MLS MIN: No players, no true fan base, no stadium
        MLS ORL: Players, true fan base, stadium.

        • Logan Jahnke says:

          Actually, both Minnesota and Atlanta already have NASL Clubs that could just be promoted into the MLS. There is your fan base and there is your players.

      • SilverRey says:

        Before ManCNYCFC and Atlanta, MLS stance was that you had to pay $100mil and provide an SSS. Beckham skirted the first part but is still following through on the stadium.

        The lure of TV markets has dollar signs in Garber’s eyes and he has dropped the stadium requirements. This led to the catastrophe that will ensue for MCNYCFC’s first decade (there is no way they move into their own stadium in 3yrs). And the deplorable position that somehow it is ok for new teams to play on plastic fields.

        Short term financial gain is trumping the quest for quality in MLS.

        • Gazza says:

          “Before ManCNYCFC and Atlanta, MLS stance was that you had to pay $100mil and provide an SSS”.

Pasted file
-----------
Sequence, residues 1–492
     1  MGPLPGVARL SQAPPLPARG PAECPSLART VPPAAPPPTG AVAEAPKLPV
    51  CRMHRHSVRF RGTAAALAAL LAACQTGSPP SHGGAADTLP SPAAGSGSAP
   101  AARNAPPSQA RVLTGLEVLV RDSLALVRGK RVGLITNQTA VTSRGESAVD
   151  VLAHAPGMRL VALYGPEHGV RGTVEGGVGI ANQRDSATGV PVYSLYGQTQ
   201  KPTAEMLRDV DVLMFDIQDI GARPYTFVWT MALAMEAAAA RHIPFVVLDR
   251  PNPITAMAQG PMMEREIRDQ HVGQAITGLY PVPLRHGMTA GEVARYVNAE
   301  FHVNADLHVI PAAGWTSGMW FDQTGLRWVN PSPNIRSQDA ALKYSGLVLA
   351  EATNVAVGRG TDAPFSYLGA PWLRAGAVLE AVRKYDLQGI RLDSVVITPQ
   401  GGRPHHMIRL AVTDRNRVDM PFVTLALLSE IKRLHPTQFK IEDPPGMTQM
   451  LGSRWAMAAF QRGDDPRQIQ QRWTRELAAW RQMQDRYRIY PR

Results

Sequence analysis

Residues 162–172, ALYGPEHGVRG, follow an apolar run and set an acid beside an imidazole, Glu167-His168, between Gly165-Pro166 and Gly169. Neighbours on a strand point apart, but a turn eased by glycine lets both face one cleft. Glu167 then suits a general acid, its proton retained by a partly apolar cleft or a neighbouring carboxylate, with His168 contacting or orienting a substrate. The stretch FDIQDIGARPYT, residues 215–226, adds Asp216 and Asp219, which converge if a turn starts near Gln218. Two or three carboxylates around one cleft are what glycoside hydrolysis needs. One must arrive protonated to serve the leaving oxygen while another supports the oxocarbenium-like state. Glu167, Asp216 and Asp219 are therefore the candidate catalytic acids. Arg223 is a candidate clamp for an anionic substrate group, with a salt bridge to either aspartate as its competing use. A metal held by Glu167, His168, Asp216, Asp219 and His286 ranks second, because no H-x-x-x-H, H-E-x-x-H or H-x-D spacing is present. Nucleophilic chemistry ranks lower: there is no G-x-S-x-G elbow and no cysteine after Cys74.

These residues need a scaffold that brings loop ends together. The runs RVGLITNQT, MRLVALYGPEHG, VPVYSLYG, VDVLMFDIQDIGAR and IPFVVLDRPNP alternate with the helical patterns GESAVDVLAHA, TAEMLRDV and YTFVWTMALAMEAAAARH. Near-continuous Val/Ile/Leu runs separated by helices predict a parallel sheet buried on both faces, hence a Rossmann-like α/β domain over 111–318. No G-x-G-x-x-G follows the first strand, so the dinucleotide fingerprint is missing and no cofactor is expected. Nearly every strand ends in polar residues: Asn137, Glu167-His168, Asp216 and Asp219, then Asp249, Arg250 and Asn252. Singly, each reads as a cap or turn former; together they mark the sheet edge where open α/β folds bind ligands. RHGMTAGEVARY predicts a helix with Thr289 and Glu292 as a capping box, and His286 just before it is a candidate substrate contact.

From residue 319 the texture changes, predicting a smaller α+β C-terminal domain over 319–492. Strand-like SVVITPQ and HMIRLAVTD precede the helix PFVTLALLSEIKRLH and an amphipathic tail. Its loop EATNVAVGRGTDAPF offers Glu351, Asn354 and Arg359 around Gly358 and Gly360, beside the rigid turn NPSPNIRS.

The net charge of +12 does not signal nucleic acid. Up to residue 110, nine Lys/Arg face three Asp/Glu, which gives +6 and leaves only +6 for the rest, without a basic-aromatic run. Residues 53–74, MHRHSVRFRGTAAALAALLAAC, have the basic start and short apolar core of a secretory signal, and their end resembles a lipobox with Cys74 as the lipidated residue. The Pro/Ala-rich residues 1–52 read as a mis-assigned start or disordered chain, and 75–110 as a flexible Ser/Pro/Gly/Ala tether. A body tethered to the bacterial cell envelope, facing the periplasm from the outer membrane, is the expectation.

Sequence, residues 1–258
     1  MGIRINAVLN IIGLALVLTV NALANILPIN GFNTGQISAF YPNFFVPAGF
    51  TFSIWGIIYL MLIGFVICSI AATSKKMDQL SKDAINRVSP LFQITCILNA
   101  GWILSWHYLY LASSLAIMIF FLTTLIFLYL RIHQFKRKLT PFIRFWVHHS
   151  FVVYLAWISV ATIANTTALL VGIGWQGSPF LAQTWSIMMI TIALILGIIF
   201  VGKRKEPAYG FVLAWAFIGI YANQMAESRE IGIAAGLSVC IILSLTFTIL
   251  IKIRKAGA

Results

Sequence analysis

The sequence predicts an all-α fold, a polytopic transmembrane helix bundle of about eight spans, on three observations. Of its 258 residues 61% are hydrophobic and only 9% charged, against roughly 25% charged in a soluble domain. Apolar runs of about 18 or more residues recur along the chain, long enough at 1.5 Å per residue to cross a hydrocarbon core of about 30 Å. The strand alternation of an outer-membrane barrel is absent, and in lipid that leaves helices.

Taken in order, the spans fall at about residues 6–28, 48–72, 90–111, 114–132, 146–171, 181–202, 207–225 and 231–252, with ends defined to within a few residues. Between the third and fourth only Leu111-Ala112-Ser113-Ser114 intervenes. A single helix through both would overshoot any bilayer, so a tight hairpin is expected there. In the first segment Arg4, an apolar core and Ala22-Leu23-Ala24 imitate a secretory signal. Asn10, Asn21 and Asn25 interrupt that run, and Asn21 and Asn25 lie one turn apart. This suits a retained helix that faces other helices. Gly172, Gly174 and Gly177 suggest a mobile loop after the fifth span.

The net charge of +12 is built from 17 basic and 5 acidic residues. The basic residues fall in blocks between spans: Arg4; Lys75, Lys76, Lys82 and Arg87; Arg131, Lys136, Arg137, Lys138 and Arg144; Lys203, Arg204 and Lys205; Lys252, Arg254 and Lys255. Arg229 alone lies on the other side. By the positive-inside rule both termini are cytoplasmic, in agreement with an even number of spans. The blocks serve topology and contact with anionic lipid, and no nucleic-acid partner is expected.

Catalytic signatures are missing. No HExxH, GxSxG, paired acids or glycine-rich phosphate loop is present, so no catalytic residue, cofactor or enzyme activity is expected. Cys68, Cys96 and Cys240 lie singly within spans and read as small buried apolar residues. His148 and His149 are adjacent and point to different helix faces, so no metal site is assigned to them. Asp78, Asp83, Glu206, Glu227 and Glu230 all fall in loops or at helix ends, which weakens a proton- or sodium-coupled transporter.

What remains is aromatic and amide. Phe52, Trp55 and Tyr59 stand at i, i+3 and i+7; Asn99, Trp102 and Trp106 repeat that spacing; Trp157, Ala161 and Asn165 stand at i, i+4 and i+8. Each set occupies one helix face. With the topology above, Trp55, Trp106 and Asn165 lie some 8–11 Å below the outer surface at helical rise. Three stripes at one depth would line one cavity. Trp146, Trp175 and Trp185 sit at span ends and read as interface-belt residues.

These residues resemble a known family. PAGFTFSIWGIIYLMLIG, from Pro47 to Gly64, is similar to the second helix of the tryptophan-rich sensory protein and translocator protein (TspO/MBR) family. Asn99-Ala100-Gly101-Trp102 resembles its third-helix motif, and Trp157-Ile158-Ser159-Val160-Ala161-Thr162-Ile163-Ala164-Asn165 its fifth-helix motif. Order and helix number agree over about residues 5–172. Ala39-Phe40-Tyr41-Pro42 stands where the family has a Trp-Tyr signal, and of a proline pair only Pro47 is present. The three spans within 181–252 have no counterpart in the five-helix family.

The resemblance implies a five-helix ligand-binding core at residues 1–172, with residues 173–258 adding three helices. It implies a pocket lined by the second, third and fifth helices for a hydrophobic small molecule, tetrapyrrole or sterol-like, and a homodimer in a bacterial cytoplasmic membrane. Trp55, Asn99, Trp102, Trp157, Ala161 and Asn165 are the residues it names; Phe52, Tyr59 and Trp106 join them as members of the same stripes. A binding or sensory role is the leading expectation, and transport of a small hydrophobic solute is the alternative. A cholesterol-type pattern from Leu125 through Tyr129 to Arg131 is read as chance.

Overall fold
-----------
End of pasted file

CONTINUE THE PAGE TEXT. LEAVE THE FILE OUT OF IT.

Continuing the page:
Do you have a source for this? Probably not because it is utter crap. Orlando didn’t pay $100m. And Beckham was always going to pay $25m.

          Also you have no idea if Atlanta, Miami or NYCFC will play on ‘plastic fields’

          • RBNY says:

            NYCFC will play on a “baseball field” for at least 3 years – that is one thing that we can be completely sure about.

            • Waning Interest says:

              My MLS interest has been waning since the league started backtracking on what they were doing well with fans: SSS, for one.

              NYCFC was done wrong. Atlanta? Just another less important tenant on football lines in a cavernous stadium whose signage and identity will be Falcons, not the MLS club.

              Even Orlando is talking about sharing the stadium with college football. Just not okay and one of the reasons why my interest in MLS is waning as of late.

        • Ryan SATX says:

          Short term financial gain is going to lead to long term quality. More money for better players->better competition->More viewers (live and tv).->Even more money.

      • The Imperative Voice says:

        Except Montreal came in with Saputo, TFC with BMO, Philly with PPL, Chivas at HDC, Seattle at Seahawks. There are some counterexamples but I’d hardly hold up stadium situations like SJ or Vancouver as approaches to imitate. My concern is we’re moving away from stadium built or being built, and fans already excited and showing up in the minors, towards the guesswork approach, which allocates the risk of failure to us.

        • Seriously says: